image source: pixabay.com
Your reality -- what you see, what you hear, and possibly what you smell and touch, may be impacted by some sort of altered reality. Even major companies are starting to implement different “virtual reality” (VR) or “augmented reality” (AR) techniques into their customer experiences, and we are going to touch on a few of those this month. The hope is you’ll read our case studies and see from a business stand point, where your company could go and grow as technology develops.
First things first: What is the difference between VR and AR? Because they are not the same.
VR is within a closed screen that simulates a new environment, and it brings new experiences outside of the viewer’s reality within view. Virtual Reality happens with some sort of viewer you wear; a headset.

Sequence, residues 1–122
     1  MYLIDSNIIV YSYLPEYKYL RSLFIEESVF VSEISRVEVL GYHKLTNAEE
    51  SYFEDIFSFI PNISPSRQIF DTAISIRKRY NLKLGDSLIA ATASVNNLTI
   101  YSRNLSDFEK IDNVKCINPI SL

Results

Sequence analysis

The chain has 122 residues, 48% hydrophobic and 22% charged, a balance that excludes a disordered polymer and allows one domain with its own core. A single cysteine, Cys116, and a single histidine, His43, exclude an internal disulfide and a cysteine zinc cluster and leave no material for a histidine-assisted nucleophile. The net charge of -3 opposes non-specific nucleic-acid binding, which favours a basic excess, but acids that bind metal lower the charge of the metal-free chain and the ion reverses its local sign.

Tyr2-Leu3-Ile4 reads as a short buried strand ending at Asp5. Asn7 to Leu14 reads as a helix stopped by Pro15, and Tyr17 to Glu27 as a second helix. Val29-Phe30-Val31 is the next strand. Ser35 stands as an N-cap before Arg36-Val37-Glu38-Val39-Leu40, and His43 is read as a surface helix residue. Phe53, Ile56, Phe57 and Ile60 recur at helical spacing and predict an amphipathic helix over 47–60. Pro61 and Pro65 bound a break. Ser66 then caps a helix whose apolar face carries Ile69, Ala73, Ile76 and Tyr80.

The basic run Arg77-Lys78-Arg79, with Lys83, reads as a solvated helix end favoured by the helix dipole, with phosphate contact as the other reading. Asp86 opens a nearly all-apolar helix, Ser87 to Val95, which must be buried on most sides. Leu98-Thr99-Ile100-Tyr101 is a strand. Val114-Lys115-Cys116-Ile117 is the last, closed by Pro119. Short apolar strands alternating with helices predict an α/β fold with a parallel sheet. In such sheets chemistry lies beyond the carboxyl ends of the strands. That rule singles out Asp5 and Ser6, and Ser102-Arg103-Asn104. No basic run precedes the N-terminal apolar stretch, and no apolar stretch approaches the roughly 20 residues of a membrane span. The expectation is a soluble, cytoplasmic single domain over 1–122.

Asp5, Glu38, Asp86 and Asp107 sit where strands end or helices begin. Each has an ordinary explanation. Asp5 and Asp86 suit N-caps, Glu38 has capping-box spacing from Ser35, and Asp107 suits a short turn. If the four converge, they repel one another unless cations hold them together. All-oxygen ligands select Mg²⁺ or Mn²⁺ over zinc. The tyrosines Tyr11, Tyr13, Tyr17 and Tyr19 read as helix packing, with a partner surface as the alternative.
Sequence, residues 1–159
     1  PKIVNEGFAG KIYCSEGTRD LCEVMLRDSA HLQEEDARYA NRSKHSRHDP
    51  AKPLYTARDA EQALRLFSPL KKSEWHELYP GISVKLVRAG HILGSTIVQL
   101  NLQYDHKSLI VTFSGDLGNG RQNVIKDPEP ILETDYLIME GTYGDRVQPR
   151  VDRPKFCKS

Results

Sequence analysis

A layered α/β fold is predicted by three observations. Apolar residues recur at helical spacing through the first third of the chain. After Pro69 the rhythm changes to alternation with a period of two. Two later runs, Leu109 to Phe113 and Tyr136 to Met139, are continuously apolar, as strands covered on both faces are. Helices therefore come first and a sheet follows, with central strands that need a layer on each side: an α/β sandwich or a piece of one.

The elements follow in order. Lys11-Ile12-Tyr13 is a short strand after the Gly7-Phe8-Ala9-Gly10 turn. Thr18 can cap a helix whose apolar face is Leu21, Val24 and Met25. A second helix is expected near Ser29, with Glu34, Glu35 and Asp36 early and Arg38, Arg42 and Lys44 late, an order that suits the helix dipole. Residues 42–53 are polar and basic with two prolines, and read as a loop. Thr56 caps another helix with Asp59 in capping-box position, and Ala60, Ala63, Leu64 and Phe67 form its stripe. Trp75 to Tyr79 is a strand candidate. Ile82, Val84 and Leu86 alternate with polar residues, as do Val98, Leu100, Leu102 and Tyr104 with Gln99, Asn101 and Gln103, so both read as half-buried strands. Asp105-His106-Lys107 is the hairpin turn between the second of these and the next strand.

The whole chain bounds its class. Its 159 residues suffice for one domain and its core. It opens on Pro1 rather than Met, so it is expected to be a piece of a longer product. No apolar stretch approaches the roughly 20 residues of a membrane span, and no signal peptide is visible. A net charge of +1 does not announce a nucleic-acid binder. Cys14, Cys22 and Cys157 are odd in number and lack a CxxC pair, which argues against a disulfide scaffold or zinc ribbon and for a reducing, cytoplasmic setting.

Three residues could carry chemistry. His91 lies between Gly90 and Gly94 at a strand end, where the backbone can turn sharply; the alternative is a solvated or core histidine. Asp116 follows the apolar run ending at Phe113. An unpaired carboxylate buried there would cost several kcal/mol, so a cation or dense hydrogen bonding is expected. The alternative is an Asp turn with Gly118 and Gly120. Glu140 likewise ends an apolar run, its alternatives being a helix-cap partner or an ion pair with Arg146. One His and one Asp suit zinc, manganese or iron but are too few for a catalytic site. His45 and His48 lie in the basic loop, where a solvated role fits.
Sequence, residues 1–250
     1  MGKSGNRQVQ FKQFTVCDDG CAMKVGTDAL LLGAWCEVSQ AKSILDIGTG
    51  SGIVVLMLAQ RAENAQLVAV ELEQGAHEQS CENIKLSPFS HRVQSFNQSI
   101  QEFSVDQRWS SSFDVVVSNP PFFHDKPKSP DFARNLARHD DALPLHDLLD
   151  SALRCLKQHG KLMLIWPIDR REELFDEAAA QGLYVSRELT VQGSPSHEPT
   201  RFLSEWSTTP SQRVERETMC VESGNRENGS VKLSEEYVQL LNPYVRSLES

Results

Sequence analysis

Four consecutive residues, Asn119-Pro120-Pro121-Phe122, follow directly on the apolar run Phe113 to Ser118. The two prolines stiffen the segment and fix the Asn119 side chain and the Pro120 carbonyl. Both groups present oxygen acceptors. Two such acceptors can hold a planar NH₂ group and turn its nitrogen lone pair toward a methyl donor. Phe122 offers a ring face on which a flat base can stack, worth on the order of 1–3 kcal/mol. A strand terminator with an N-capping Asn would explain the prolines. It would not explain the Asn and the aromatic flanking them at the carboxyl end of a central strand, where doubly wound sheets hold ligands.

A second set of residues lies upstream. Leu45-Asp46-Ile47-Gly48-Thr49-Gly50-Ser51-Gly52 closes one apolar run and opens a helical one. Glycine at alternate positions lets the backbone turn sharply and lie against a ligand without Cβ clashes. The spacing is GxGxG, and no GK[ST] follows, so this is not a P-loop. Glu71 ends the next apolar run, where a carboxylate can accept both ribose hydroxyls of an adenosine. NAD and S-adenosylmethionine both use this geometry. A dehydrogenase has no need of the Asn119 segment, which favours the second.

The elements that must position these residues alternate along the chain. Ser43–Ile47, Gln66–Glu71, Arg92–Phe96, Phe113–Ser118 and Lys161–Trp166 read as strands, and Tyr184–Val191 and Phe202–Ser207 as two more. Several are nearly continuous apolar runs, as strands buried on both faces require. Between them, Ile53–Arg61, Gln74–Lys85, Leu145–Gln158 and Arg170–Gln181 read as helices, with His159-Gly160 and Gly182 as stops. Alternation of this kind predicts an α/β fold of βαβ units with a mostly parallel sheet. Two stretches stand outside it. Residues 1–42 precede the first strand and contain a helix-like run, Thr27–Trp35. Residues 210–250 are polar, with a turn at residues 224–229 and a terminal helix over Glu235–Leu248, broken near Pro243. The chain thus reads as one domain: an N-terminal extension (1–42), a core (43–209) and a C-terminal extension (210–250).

AR happens in the real world in front of you. It combines the real world with digital information; it enhances your reality. It’s often referred to as a layer of information over what you’re seeing in front of you. For example, an app that takes a picture of your living room, and let’s you digitally place a couch in the room so you can see how it looks and fits before purchasing the real thing. Or an app that allows you to “try on” a new lipstick color by digitally placing it over a picture of your lips.
You see, VR and AR aren't just for gamers. Yes, games with headsets are played within virtual worlds, and Pokémon Go is an AR game where the Pokémon world gets layered over your real world through an app. But altered realities can work in our real lives too, and in our business environments. We’ll discuss this topic more thoroughly through case studies all month long.